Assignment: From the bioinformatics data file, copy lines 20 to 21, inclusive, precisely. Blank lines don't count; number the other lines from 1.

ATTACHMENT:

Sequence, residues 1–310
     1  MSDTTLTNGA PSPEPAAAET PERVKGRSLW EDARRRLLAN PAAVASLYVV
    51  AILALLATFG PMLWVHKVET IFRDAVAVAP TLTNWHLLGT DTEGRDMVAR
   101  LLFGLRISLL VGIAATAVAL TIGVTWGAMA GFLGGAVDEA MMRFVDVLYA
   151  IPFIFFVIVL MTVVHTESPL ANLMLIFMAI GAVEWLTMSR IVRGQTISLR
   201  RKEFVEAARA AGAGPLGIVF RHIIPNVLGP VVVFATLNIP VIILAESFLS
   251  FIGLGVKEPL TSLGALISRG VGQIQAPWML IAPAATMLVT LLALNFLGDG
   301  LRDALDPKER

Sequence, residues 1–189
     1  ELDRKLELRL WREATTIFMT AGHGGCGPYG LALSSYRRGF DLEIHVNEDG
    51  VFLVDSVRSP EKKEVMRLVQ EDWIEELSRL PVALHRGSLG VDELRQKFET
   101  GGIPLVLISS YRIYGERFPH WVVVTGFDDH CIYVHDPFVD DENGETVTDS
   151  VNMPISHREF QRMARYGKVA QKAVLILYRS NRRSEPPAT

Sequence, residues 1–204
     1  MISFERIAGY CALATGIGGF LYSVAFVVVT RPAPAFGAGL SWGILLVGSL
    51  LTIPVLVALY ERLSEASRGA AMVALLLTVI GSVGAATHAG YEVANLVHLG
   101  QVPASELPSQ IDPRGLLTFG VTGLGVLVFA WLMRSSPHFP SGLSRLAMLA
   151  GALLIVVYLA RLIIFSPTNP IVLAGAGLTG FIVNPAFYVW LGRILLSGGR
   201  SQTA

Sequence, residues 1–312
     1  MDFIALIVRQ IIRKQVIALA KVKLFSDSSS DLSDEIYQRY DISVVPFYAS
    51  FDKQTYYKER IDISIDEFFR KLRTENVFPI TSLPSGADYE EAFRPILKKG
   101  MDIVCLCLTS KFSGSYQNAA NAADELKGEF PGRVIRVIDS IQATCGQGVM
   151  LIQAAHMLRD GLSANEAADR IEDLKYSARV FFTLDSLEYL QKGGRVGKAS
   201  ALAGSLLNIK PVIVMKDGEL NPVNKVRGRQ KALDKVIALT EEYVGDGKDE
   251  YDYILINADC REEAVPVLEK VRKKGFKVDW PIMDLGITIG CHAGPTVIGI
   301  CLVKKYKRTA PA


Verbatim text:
Sequence, residues 1–312
     1  MDFIALIVRQ IIRKQVIALA KVKLFSDSSS DLSDEIYQRY DISVVPFYAS